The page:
“Reducing work days will not help our GDP. I will advise that instead of reducing work days, employers can provide free shuttle buses, give incentives to encourage them and boost their wages,” he said.

In Ekiti, Mr Tope Balogun, another federal civil servant, said that the cost of buying food items had become too expensive for him to afford.

Balogun also said that the high cost of transportation was currently affecting his duties because he now reports for duty three times a week.

He appealed to President Tinubu to regulate the price of petrol and the cost of food, so as to enable civil servants to live comfortably with their families.

Balogun appealed to the federal government to consider the sufferings of workers and increase the minimum wage from 30 per cent to 80 per cent.

An economist, Dr Bose Oluwalana, said the only solution to end the sufferings of Nigerians, especially civil servants, was for the government to urgently review the minimum wage upward.

“Many civil servants hardly go to the office on a daily basis again because of the cost of transportation, this will definitely affect our productivity as a country”, she said.

Also in Osun, Mr Leye Adebayo, a federal civil servant, said since the removal of fuel subsidy, he had been finding it difficult to take care of his family due to increase in the prices of food and transportation.

Adebayo, who noted that the hyperinflation in the country due to the removal fuel subsidy had rendered his meagre monthly salary useless, said the cost of living was no longer within the reach of the impoverished civil servants.

“It is not easy at all; cost of transportation, cost of living and other services have gone beyond our reach, and nothing was added to our salary to cushion the effect.

Similarly, Mrs Bose Opayinka, a federal civil servant working in one of the agencies under the Federal Ministry of Health, decried the hardship workers were now facing.

Opayinka, who noted that she could no longer cope with the increase in the prices of food items and transportation, appealed to the government to come to the aid of the workers.

“In as much as I am not against the removal of fuel subsidy, the government should have put measures in place that will minimise the negative impact of the removal of fuel subsidy on workers and the masses at large.

“Workers are suffering due to the rising inflation and the government is footdragging on the implementation of wage increase; this is sad”, she said.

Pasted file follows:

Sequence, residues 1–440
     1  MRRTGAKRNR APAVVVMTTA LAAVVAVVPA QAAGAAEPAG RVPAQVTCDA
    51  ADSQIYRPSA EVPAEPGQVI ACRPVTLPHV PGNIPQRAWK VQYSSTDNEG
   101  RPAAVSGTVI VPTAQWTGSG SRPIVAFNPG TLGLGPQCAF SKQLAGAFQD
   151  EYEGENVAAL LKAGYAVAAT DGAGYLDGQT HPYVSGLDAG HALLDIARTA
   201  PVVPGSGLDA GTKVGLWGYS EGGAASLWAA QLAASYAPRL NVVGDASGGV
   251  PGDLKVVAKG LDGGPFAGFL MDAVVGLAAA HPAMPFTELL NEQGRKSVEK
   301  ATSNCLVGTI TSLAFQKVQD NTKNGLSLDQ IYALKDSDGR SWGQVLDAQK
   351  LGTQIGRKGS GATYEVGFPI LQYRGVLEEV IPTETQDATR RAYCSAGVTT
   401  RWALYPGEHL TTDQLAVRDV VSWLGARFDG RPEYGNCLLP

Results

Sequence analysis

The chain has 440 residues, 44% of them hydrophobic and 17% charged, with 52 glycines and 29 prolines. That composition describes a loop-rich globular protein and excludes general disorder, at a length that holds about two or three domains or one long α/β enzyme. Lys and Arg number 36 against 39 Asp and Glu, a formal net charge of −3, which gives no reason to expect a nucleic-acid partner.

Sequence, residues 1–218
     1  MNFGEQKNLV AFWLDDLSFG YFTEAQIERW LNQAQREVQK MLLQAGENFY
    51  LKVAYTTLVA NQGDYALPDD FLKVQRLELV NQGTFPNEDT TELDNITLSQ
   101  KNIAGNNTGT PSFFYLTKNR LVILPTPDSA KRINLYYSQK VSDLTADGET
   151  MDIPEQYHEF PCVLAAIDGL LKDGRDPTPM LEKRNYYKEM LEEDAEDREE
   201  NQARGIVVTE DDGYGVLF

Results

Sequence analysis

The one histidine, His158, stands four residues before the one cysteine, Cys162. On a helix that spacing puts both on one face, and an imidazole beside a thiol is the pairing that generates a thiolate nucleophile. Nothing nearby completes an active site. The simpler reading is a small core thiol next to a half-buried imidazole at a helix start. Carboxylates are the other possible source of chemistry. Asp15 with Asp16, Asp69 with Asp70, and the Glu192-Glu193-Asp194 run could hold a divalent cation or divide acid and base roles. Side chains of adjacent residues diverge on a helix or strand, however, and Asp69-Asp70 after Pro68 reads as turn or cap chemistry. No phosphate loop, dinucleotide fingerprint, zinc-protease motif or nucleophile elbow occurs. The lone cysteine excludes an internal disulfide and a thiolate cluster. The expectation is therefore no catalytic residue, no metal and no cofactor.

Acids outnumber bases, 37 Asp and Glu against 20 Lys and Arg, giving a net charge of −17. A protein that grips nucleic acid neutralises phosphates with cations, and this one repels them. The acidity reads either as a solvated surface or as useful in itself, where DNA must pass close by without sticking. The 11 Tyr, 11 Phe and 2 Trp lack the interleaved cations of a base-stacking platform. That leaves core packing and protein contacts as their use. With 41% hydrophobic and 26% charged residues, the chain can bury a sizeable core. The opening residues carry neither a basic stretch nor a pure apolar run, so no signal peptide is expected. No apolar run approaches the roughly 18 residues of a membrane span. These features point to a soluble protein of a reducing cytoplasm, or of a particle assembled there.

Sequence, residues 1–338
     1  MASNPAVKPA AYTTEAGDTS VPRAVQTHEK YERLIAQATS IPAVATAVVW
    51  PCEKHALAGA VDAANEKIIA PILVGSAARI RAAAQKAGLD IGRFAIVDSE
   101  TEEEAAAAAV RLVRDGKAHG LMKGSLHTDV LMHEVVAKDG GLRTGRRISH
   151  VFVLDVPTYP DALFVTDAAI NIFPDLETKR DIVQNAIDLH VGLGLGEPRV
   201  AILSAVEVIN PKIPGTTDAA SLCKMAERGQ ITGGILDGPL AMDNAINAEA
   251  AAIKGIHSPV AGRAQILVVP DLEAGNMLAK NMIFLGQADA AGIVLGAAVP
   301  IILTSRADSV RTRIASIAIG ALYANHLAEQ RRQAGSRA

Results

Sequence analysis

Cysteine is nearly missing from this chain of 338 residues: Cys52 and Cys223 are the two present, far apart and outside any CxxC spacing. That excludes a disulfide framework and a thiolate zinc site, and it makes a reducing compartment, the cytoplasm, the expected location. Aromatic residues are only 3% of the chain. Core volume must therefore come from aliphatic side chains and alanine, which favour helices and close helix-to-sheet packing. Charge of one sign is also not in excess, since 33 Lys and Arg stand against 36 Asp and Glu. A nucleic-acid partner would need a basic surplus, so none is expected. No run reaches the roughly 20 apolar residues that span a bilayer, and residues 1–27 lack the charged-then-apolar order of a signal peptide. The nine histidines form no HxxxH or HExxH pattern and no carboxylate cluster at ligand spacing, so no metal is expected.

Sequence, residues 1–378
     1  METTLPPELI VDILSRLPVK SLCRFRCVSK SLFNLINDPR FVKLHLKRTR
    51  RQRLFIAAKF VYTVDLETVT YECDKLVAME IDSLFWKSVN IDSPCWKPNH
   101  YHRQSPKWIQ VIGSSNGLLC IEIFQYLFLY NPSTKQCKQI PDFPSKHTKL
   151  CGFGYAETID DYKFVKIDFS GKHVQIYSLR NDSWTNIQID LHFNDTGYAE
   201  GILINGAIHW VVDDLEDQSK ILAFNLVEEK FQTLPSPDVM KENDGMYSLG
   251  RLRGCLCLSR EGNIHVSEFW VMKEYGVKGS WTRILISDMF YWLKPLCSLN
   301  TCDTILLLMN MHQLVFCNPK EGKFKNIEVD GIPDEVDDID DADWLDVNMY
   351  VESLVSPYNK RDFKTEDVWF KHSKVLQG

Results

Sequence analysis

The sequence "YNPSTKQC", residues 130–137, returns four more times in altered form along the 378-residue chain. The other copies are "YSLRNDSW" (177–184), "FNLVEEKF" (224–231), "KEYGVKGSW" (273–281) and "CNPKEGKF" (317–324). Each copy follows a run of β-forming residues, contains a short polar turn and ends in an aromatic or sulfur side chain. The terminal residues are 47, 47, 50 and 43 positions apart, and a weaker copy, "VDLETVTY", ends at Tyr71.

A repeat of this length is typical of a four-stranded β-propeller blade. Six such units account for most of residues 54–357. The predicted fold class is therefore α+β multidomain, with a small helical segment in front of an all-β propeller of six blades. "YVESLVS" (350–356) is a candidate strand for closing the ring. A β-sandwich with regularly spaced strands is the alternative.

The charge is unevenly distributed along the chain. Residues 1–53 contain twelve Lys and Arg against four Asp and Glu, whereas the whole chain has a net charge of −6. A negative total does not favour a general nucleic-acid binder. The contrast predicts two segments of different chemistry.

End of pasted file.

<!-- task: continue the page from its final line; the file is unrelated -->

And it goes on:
Another federal worker, Mr David Tinuola, said with the rising cost of food items and transportation, without increase in the salary, government should not expect the best from the workers.

Tinuola, who explained that workers and the masses in general are facing the worst time ever, said that he had to park his car at home due to increase in the price of the fuel.

”I have a car but can’t fuel it. On a daily basis, I have to trek to a particular spot before boarding a bus to work to reduce the cost of transportation.

Also, an economist, Mr Samuel Atiku, said that reducing the number of working days for workers was not the solution to the current economic hardship.

“The only way civil servants can escape poverty is when their income is growing faster than the increase in the prices of goods and services.

“Civil servants over the years have been facing severe pressure on how their remuneration can fit in with some economic policies, even before the present crises of fuel subsidy removal,” he said.

Mr Nwokocha Chijioke, Executive Director, Motivator’s Crib Africa, said there are more practical steps that the government could take to minimise the impact of the removal of fuel subsidy on workers than reducing the number of working days.

Chijioke said government needed to provide free transportation for workers to and from their place of work as well as increase their salaries.

“Everything is increasing, while salaries remain stagnant.

“There is urgent need for government to increase workers salaries in the face of the present economic realities for them to live a decent life,” he said.